This article, from Alan Walsh (Compliance Engineer, Renishaw plc), was originally published in the Spring 2019 edition of World Trade Matters (pages 58-59).
The Dangerous Goods Regulations
The increase in popularity of electronic devices powered by lithium batteries has raised public awareness of the dangerous goods regulations, whether it is a checklist at the post office, notifications during online flight check in or the notices displayed at airport security. Lithium batteries, aerosols, adhesives, metal powders and flammable liquids are among the most commonly shipped dangerous goods.
Each mode of transport has a dedicated set of dangerous goods regulations – road, rail, inland waterway, sea and air. While 90% of international freight is carried by sea, shippers who transport dangerous goods in bulk are familiar with the International Maritime Dangerous Goods Code as an integral part of their shipping operations. As lead times come under pressure, it is the IATA (International Aviation Transport Association) dangerous goods regulations which impact many small and medium shippers, as we will now discuss.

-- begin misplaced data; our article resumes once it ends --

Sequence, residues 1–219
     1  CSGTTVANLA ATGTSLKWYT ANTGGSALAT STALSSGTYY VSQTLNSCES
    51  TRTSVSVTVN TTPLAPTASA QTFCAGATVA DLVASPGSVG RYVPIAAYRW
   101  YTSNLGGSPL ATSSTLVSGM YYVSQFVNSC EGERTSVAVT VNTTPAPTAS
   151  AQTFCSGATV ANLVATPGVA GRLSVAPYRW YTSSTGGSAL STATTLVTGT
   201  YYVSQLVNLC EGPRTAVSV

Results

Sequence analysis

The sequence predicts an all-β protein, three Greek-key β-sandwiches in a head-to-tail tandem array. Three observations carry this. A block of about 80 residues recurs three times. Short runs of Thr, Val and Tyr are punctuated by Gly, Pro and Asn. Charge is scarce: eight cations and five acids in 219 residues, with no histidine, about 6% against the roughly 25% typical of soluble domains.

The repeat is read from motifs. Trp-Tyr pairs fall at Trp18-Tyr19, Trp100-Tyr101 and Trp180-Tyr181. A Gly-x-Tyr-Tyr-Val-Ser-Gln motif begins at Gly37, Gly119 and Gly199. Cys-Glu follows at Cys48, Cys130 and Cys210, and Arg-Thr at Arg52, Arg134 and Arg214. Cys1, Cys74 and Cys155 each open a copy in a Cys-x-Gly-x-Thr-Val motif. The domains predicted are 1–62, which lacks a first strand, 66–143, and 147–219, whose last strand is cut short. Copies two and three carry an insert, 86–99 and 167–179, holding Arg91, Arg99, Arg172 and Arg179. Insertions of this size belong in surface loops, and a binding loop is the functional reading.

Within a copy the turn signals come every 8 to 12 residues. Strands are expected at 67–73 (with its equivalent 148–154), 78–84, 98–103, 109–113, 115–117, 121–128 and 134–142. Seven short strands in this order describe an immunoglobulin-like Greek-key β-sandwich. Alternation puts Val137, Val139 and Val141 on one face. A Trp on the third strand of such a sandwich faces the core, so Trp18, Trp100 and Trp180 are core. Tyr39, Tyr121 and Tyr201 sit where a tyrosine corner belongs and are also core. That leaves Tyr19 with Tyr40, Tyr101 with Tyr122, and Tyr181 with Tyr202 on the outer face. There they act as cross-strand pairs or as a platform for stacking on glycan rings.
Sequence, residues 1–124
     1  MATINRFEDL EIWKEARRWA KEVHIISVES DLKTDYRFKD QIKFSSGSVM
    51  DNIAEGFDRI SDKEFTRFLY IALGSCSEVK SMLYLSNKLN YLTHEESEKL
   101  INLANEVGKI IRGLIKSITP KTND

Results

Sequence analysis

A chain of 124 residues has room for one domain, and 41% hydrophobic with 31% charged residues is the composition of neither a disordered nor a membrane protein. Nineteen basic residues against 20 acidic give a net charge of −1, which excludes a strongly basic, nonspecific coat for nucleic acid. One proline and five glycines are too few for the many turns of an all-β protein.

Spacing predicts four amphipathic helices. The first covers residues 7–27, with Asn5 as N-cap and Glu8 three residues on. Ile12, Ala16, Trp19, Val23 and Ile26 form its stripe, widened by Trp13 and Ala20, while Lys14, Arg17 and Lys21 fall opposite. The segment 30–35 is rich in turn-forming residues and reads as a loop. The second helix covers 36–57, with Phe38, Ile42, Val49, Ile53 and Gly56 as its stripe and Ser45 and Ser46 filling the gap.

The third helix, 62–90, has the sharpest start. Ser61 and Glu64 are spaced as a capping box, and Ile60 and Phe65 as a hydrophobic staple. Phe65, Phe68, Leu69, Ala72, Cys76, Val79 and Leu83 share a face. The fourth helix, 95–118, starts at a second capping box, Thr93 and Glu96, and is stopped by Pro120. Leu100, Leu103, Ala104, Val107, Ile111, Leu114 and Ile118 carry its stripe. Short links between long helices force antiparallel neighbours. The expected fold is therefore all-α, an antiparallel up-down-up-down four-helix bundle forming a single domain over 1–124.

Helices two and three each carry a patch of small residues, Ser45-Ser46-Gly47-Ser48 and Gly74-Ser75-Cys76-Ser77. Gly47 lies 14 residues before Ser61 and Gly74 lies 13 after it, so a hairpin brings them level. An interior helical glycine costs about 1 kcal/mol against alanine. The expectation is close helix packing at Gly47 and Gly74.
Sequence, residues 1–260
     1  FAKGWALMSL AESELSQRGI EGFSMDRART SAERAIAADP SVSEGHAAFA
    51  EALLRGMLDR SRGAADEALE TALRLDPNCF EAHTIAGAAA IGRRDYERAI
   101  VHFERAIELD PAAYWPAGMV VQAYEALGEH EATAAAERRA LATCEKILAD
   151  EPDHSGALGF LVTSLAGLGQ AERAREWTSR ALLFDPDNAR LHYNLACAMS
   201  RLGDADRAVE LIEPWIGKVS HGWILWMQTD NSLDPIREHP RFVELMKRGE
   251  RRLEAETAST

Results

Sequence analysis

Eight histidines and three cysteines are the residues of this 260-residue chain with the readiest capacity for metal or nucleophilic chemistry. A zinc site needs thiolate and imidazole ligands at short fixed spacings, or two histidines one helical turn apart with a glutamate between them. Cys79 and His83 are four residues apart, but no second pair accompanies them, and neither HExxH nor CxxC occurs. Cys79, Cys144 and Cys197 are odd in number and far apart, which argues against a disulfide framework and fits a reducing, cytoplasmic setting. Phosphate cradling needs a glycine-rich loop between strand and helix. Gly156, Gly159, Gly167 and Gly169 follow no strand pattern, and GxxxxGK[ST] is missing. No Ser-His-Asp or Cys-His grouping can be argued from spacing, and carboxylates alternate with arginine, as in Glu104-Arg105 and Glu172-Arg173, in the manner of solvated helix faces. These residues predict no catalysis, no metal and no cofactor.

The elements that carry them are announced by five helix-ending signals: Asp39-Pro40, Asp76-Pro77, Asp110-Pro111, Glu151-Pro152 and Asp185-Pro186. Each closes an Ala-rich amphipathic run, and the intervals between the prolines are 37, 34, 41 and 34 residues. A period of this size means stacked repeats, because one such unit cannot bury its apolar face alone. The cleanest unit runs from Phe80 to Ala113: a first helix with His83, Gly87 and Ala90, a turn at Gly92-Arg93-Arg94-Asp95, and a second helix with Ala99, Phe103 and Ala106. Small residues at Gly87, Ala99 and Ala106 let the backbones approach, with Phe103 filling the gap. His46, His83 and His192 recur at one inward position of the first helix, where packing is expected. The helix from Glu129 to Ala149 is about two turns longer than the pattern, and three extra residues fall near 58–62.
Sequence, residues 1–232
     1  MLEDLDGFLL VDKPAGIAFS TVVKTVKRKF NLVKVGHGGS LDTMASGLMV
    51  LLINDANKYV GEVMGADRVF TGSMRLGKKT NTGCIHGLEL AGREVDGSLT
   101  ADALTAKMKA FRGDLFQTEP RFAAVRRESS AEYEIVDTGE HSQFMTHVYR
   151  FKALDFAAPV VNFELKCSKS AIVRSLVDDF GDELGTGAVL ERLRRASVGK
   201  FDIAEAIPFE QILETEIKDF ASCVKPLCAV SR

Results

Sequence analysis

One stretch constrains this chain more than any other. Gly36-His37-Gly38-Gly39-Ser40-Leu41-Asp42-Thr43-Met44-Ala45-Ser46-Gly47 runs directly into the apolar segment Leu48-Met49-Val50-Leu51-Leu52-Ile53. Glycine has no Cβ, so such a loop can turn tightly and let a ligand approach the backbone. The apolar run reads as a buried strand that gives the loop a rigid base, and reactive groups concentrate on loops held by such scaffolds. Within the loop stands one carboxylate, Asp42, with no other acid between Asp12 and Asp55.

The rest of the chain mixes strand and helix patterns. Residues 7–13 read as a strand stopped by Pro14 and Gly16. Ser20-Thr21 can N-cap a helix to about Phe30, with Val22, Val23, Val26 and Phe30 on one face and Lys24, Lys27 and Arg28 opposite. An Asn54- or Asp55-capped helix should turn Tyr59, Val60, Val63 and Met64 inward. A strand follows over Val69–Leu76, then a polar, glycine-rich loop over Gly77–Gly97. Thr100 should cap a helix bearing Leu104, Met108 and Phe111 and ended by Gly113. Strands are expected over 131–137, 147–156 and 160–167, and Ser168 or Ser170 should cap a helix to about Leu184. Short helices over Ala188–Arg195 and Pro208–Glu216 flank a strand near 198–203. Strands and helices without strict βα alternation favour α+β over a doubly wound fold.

Training and Shipping Information
All fully regulated shipments require a shipper’s declaration for dangerous goods to be presented to the courier alongside the commercial and export control documentation. However, the requirements for shipping smaller quantities often require more attention. The IATA dangerous goods regulations require those preparing dangerous goods for shipment by air to attend an approved training course. Whilst these training requirements only apply to shippers, packers and those handling dangerous goods, ensuring compliance involves more business functions than we may initially expect.